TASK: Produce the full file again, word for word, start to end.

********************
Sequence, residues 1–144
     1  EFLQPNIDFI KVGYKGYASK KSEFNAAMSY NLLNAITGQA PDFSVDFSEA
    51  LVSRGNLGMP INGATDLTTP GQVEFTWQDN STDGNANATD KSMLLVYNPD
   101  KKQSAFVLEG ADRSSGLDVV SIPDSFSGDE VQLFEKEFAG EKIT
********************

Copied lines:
Sequence, residues 1–144
     1  EFLQPNIDFI KVGYKGYASK KSEFNAAMSY NLLNAITGQA PDFSVDFSEA
    51  LVSRGNLGMP INGATDLTTP GQVEFTWQDN STDGNANATD KSMLLVYNPD
   101  KKQSAFVLEG ADRSSGLDVV SIPDSFSGDE VQLFEKEFAG EKIT